Becoming a coder is a lot like learning a language. In fact, that’s exactly why they call the several flavors of computer code a “coding language.” Much like learning a new language, it can be tough, tedious, and expensive. If you’re really dedicated to being a coder, though, then nothing is going to stop you. That’s why we’ve worked hard on compiling the best sites that’ll help you learn to code without dropping a single penny. Read on for more.
First and foremost, this is the place you want to begin your journey into learning how to code. Codecademy has a long history of providing and engaging and educational approach to computer science, and millions of coders attribute their start to the systems offered here. Codecademy offers the major programming languages used in today’s technology fields, so you have a robust and diverse range of coding types to learn how to develop software.
Once you have some semblance of the basics, you’ll want to check out this site. Getting into a community as a coder is essential because the route to real success in this field is by learning from others and sharing experiences. The site has quite a few high-profile superstars, such as BitTorrent’s own Bram Cohen, but for the most part, you should expect to mingle with coders around your skill level to improve and develop as a group.
General Assembly has long been a leading name in the coding space, and this free resource should help you learn to code thanks to the wealth of knowledge accrued by the over the years. The important thing about GA Dash is that it focusses heavily on delivering projects. Being able to code is meaningless if you don’t know how to develop an end product. From start to finish, it will have you developing software products from concept stage, to release builds thanks to their helpful walkthroughs.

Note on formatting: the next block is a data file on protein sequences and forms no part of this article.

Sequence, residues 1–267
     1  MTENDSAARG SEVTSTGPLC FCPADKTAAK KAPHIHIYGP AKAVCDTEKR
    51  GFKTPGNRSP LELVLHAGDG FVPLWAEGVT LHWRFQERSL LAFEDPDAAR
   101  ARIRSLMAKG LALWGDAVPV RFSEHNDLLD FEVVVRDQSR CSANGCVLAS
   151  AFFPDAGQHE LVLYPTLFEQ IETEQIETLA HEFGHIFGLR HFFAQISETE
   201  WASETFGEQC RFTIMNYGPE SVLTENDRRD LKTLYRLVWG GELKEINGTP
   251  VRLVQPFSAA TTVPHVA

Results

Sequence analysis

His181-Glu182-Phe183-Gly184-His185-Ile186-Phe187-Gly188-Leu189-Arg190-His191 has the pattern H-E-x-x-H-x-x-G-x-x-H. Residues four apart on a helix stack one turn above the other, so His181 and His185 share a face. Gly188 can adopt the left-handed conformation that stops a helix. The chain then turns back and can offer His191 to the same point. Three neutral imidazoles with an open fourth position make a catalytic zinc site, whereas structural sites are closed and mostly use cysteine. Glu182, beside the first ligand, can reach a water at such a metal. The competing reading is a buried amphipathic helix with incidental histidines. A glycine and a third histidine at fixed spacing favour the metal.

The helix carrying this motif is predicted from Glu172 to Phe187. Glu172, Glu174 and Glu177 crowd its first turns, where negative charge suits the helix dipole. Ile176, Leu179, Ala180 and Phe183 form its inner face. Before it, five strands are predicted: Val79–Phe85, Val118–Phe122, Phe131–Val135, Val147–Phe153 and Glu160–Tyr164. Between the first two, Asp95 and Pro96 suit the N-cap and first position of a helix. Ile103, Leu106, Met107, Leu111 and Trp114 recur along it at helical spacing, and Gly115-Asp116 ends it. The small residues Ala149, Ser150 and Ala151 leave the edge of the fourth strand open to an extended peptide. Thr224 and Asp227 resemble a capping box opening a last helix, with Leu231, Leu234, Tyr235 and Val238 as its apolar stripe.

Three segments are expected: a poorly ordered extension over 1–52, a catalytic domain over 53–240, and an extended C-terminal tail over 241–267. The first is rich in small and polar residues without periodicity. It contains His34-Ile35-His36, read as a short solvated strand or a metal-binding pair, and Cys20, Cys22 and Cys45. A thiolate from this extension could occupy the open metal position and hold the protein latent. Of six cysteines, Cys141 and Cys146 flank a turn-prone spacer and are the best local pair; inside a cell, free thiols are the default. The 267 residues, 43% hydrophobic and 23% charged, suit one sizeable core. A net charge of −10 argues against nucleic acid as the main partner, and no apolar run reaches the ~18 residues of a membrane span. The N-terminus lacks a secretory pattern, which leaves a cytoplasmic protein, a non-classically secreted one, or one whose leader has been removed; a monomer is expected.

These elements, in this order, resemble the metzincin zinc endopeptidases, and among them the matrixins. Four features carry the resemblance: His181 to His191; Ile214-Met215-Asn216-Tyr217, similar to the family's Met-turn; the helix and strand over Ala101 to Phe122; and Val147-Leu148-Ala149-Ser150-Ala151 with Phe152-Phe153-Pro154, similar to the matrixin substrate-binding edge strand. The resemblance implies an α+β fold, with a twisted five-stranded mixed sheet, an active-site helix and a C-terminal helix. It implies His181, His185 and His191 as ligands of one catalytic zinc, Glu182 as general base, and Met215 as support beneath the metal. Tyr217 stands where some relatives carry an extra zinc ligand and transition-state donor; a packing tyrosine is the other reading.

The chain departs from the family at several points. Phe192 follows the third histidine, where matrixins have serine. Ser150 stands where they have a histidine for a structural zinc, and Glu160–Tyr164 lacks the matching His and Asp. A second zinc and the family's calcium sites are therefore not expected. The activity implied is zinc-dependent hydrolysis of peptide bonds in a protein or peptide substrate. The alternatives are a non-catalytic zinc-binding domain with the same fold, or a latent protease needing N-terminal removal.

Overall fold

The sites listed above can only take you so far. To actually become a coder you need to apply yourself to periods of self-directed study, which means sifting through resources and books to improve yourself. GitHub has an enormous free repository of books for learning many different coding languages. You can flesh out your coding skills with top books in the industry without having to drop a single penny.
Free Code Camp
Free Code Camp is another valuable networking tool where you can band together with other coders and developers to share knowledge and experience. Many of the coders here are students of the format, but there’s a smattering of professionals thrown in to provide valuable knowledge and help when developing group projects. The key gimmick of this site is that there is a strong focus on using code to solve problems and deliver final builds; as the code is available for non-profits to utilize in their endeavors. This is definitely somewhere to check out if you feel particularly altruistic in your coding prowess.
MIT is the pantheon of the Gods when it comes to coding. It’s where some of the most influential movers and shakers in the tech industry cut their teeth and has generated many unknown heroes of coding that has seen the tremendous advancement of the format over the years. MIT is ridiculously expensive for this very reason, but you can get a taster of their experience for free thanks to their OpenCourseware. Be warned, though, MIT is not known for being easy and OpenCourseware certainly follows this trend. This is definitely pretty advanced stuff, so only attempt it once you’re confident in your abilities.